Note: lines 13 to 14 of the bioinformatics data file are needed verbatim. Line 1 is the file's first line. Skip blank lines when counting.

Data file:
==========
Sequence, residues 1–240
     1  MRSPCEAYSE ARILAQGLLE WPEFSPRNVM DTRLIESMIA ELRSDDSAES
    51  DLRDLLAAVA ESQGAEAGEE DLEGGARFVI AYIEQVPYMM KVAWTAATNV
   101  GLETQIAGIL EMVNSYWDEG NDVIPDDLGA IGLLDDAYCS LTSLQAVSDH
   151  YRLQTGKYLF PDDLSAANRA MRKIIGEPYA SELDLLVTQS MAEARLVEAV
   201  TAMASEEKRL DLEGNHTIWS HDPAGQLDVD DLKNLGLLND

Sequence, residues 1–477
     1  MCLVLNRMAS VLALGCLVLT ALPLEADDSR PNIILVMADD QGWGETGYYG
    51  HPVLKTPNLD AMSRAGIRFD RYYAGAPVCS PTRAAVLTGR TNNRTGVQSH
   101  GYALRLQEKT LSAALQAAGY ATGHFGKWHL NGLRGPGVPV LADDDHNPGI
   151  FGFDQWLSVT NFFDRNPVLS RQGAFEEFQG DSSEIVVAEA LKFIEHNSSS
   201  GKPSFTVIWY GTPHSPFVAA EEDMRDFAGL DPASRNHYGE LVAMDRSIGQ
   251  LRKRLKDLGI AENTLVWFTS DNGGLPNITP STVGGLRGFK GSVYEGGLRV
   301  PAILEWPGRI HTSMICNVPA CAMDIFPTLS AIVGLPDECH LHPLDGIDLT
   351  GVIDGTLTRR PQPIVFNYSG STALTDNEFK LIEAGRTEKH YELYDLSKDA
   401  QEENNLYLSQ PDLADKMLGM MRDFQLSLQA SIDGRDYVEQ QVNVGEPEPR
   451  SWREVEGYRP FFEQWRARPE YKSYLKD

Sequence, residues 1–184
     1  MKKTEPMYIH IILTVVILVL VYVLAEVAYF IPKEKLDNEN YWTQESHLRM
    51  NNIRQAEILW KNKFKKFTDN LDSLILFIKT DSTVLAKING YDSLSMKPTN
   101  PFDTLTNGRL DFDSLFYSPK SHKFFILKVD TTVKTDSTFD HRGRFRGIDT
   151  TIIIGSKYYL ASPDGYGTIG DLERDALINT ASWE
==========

   251  LRKRLKDLGI AENTLVWFTS DNGGLPNITP STVGGLRGFK GSVYEGGLRV
   301  PAILEWPGRI HTSMICNVPA CAMDIFPTLS AIVGLPDECH LHPLDGIDLT